By Alyssa Rapp, CEO of Surgical Solutions; Author, Leadership and Life Hacks: Insights from a Mom, Wife, Entrepreneur and Executive
There are tools that can be helpful in maximizing one’s time on a daily basis and balancing each day to use time wisely. Given that I endeavor to squeeze the most out of each day, I schedule everything. I mean everything. Down to the 15-minute mark. Scheduling everything combines self-discipline and time management that helps keep the trains on the tracks each day.
First, I leverage transition/travel time wisely. Car rides are perfect times for calls (using Bluetooth, of course). Airplanes are a great place to knock out projects, presentations, review documents, write recommendation letters, or even hammer out an article like this. The digital messaging tool Slack is also terrific since the end user can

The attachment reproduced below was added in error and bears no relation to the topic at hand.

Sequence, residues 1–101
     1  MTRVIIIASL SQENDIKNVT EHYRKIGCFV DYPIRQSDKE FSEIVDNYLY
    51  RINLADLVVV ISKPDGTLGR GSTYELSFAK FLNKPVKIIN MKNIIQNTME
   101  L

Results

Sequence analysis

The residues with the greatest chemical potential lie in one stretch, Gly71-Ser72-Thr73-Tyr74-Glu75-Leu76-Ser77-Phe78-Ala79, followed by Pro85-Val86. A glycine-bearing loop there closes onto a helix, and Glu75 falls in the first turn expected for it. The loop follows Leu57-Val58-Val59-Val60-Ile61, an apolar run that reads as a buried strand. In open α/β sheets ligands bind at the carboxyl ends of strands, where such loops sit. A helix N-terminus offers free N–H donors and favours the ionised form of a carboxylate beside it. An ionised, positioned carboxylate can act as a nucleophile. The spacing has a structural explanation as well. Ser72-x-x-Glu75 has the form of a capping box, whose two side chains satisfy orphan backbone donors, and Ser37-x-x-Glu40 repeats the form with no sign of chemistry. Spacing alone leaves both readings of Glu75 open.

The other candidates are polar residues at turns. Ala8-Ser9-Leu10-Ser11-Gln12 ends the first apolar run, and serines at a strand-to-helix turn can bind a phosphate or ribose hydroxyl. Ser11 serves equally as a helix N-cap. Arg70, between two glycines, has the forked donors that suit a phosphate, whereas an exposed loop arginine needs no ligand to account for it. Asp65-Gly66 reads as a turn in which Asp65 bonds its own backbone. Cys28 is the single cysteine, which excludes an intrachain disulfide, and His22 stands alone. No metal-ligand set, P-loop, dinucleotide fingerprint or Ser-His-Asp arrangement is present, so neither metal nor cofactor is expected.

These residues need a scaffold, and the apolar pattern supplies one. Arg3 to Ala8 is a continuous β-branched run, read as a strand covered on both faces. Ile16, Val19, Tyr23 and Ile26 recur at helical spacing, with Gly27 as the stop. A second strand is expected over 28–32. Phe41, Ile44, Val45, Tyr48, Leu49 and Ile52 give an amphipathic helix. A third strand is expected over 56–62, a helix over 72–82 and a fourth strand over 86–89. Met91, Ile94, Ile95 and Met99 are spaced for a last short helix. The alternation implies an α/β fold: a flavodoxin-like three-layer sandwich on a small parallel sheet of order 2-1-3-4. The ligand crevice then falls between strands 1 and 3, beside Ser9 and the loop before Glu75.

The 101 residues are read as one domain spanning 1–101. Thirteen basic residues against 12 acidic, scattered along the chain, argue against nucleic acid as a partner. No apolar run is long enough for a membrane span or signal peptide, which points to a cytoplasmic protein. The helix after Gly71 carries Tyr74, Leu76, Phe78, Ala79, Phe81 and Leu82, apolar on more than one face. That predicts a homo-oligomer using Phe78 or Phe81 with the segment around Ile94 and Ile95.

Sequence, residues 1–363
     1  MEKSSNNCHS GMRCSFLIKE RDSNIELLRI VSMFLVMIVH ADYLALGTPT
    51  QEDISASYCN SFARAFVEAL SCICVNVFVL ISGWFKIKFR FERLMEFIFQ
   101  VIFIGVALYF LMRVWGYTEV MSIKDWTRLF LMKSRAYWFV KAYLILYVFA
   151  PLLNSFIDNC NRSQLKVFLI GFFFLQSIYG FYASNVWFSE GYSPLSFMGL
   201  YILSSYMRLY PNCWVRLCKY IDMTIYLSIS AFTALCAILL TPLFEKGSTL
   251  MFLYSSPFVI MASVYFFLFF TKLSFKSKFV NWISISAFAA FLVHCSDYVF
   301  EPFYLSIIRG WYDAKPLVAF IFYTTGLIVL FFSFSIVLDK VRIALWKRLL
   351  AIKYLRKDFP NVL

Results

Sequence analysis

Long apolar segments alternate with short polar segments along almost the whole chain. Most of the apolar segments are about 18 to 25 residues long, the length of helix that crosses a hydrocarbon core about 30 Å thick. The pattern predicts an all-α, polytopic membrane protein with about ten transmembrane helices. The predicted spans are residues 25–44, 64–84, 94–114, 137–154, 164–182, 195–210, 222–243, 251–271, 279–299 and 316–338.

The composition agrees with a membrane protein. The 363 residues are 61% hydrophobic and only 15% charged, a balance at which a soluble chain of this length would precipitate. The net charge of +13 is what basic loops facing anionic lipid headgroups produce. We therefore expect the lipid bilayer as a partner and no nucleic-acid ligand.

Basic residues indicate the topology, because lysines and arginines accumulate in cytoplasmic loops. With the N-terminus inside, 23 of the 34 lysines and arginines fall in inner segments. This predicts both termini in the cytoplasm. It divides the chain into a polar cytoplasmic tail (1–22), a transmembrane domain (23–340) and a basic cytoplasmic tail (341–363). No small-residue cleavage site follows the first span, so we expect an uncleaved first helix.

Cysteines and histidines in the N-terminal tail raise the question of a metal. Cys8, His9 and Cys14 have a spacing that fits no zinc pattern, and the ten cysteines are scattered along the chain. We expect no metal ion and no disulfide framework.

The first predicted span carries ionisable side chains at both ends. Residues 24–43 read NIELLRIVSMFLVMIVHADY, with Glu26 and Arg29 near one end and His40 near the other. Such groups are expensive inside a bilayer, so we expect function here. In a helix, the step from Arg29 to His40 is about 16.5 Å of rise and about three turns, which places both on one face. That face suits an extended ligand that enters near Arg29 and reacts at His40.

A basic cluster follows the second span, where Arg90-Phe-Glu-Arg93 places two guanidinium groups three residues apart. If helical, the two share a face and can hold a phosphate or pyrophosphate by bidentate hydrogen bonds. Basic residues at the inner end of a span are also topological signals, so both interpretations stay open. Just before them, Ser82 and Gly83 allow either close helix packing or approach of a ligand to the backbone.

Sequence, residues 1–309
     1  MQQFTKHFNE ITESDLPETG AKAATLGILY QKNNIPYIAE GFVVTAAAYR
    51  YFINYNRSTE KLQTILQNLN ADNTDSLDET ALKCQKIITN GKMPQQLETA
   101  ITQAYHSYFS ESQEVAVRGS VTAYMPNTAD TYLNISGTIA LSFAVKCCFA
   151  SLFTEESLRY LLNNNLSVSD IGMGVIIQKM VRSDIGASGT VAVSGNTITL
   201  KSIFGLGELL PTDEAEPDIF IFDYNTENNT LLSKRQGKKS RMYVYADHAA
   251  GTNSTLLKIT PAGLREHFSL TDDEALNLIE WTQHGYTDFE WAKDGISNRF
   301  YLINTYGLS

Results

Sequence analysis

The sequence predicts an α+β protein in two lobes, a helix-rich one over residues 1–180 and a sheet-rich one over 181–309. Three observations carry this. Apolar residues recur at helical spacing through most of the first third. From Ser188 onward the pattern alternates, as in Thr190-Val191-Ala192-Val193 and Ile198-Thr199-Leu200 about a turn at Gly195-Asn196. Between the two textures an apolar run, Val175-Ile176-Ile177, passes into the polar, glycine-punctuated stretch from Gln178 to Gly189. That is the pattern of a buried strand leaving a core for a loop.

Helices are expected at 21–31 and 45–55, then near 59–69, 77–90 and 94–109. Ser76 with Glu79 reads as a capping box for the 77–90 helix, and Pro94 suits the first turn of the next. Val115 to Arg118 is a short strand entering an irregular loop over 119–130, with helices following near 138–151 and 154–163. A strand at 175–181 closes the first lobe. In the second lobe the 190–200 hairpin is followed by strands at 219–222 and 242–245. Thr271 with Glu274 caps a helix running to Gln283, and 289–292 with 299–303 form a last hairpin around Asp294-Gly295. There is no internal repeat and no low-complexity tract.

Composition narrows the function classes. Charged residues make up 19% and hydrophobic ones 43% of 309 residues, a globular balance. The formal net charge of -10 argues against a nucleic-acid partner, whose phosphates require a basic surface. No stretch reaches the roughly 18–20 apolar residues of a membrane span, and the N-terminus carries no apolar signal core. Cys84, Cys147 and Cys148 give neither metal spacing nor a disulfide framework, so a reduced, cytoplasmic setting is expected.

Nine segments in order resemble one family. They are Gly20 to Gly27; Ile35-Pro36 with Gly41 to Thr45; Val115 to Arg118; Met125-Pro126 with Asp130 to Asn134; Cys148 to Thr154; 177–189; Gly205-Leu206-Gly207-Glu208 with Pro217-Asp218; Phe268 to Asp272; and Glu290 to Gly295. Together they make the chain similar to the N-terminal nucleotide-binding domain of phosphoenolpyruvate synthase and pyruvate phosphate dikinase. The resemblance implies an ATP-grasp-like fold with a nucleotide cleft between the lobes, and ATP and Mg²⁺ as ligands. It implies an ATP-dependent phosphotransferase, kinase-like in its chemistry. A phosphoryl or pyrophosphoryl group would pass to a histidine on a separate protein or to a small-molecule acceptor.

“schedule” (set the hours) he/she is available; as result, I have no guilt about firing off a Slack to colleagues at all hours of the day or night as they won’t “receive” it until they open Slack or enable Slack alerts once again.
I also leverage technology to expedite domestic chores to extract more time for the people and things I love in life. Instead of hand-picking groceries, I use Instacart—and free up my time to give the girls a bath and read them a bedtime story. Dinner on busy nights comes courtesy of Blue Apron, the menu having been customized in their app and arriving in at our doorstep for a DIY, gourmet, homecooked meal.
I’m fortunate, of course. Things would be harder if I didn’t have a supportive husband, and the power to make my own decisions about how to manage my workload. But I believe that episodic balance is something we can all strive for, if we’re disciplined and realistic about how much it’s possible to squeeze into any given day, week, month, year.
For me, the key is to have episodic balance. That means it really is possible to “have it all”— just not all at once. A true work/life balance can happen when you make clear-eyed decisions about what matters to you, and understand that both at work and at home, success comes one day, one hour, or one activity at a time, by committing fully to the moment.